Do bike lanes serve their purpose, and serve them well?
After long-standing calls from the cycling community, bike lanes were finally created across the country amid the COVID-19 pandemic. But while their creation seemed easy, many cyclists and advocates still find it difficult to consider the country's bike lanes as safe and sustainable to this day.
Social media has been abuzz with sentiments and commentaries about bike lanes anew on whether or not they actually serve their intended purpose—and serve them well. This was after voice-over talent Inka Magnaye expressed her being "so annoyed" at bike lanes, noting they didn't create an extra space as they're just carved out of a "car lane." She cited an instance when they had to counterflow while driving past cyclists, who then, had to squeeze themselves closest to the sidewalk.
"It still isn't safe for riders," Magnaye said in an apparently now-deleted comment, adding that it's just a band-aid solution that "isn't even a fresh band-aid" to the country's ongoing public transport problem.
Magnaye was directly commenting on road safety advocate James Deakin's Dec. 19 blog, "What to do with the bike lanes?," where Deakin suggests redesigning bike lanes to become "truly segregated and safe" for cyclists, else just scrap them altogether in favor of cars. He also suggests turning bike lanes into dedicated motorcycle lanes instead if the situation remains.
"Now before I go on, let me just make it clear that I do support the need for cycling lanes and I really wish this was it," he says, noting he's a cyclist himself. "But this is not how we want the lanes to be, and forcing us to use this is like painting on a bulletproof vest."
The Metro Manila Development Authority has recorded 2,397 bike accidents in Metro Manila last year. Of that figure, 33 resulted in death while 1,719 resulted in non-fatal injury. About 645 incidents resulted in damage to property.
#LetsTalkAboutCycling criticism on bike lanes
Even before these recent observations, cyclists and advocates in PhilSTAR L!fe's #LetsTalkAboutCycling Twitter Spaces session last March 10 already questioned the safety of bike lanes.
Tonight, #LetsTalkAboutCycling 🚲— PhilSTAR L!fe (@philstarlife) March 10, 2022
Join us at our Twitter Space through this link: https://t.co/WuQR4iK4vQ
Follow this thread for more updates. pic.twitter.com/sioNPFw3Tu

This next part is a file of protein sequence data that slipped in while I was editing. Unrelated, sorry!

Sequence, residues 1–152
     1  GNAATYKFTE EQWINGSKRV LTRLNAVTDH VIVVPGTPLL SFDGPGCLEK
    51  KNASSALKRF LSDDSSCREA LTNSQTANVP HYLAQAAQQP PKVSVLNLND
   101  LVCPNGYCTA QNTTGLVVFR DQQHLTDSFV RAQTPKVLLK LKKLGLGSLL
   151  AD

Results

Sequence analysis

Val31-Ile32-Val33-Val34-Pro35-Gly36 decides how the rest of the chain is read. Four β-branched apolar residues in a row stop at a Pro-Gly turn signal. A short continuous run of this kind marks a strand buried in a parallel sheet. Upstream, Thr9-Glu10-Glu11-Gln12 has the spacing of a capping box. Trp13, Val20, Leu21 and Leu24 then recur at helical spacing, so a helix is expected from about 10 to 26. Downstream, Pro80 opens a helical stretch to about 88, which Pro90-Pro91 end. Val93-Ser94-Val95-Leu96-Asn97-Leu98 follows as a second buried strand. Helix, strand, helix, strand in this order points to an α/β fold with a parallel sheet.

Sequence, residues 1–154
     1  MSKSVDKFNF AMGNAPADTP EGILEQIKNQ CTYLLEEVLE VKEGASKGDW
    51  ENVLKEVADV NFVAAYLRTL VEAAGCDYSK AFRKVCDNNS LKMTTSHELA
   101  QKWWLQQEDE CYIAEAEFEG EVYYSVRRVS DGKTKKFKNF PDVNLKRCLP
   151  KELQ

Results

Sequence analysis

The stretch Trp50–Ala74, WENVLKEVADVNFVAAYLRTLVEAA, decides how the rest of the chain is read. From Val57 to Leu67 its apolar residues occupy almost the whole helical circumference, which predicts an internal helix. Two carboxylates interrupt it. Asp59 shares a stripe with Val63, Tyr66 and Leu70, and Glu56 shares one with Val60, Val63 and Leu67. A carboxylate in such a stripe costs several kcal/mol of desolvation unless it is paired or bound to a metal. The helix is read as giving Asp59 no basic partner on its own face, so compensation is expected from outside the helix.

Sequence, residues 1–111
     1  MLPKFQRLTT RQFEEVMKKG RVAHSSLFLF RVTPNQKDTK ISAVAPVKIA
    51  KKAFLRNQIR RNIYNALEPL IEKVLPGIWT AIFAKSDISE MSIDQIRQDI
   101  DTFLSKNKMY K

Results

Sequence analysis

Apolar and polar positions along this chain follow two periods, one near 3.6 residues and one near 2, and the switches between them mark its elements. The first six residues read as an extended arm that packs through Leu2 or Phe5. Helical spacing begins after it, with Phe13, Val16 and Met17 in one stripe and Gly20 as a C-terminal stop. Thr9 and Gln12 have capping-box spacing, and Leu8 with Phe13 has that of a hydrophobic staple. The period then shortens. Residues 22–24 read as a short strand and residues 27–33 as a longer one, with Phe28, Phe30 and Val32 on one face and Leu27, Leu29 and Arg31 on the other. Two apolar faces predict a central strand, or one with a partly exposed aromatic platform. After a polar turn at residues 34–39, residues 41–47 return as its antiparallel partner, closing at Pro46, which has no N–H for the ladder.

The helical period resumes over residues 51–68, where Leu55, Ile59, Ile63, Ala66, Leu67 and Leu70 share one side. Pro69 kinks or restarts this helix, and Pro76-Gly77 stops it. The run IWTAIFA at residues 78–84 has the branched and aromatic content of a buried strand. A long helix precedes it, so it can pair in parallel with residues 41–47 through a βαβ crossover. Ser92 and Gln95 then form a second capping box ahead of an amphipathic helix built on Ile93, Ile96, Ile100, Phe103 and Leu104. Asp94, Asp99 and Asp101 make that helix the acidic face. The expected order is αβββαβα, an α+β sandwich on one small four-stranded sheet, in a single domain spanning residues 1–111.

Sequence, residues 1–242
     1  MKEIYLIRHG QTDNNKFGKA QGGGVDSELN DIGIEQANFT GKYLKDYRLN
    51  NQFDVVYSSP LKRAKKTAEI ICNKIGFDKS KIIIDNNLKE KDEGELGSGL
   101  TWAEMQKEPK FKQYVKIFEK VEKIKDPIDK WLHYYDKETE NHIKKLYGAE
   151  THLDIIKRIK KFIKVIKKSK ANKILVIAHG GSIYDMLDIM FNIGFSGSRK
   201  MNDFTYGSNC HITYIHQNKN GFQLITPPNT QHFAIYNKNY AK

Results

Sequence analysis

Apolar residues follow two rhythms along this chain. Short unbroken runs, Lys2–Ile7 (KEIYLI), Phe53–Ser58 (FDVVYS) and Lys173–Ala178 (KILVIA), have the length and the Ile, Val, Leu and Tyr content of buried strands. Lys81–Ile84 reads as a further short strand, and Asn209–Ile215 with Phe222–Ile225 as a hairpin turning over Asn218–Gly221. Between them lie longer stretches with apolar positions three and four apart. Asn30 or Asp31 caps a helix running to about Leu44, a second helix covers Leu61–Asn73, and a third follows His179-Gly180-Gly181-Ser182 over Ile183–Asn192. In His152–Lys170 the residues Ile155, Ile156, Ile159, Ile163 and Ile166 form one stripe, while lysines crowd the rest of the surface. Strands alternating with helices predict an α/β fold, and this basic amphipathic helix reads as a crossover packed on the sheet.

Reporter Jacque Manabat, who covers the transport beat, said the bike lanes are unsafe, as they're merely a paint job. There's also no follow-up from the government, Manabat said, as the focus has been on bigger infrastructure projects, including the widening of roads.
"A painted bike lane is basically just paint," added Lester Babierra of the First Bike Ride. "Tuwing rush hour na at kapag desperate na ang mga sasakyan, nadi-disrespect ang bike lanes because enforcement is not really that effective."
Journalist and triathlete Raffy Tima, meanwhile, recalled how the bike lane was where he once figured in a minor accident.
"Para sa mga nagbibisikleta rito, takaw aksidente talaga ang bike lanes natin," Tima said. "'Di lang ang infrastructure ang kulang, kung 'di awareness ng motorista," adding that the lanes were even turned into parking spaces by some car owners.
Journalist and cyclist Ivan Mayrina, for his part, noted that while bike lanes are an "afterthought," he's still personally happy that they exist.
"I'll take something over nothing. It's not perfect, but it's there," Mayrina said, adding that there are more ongoing problems on the road like manholes and irregular pavements.
"I wish for many more things like safer bike lanes, stronger push in active transportation. Pero are we putting money where our mouth is? Sana eventually maging mas active pa ang gobyerno in pushing cycling as a major means of transportation," he added.
Sustainable and inclusive transport modes as real, long-lasting solutions
In an article for The Philippine STAR's 36th anniversary, Ira Cruz and Keisha Mayuga of AltMobility PH stressed the importance of going beyond our car-centric mindset and putting the needs of the majority first—the commuters, pedestrians, and bicyclists, who comprise more than 80% of the Filipino commuting public. This includes broadening the nationwide network of protected bike lanes and welcoming the use of personal mobility devices like e-bikes and scooters.
"The real long-lasting solutions are projects that reduce private vehicle dependency and instead 'induce demand' for sustainable and inclusive transport modes such as walking, biking, and public transportation," they said.
Cruz and Mayuga proposed to dedicate a car-free day for commuters as a start. "But, at the same time, the government must provide a sufficient volume of public transport, as well as protected bike lanes and wide and PWD-accessible pedestrian walkways. We believe that Filipinos will happily take non-car alternatives if such options are, more than merely available, abundant, convenient, affordable, and safe," they added.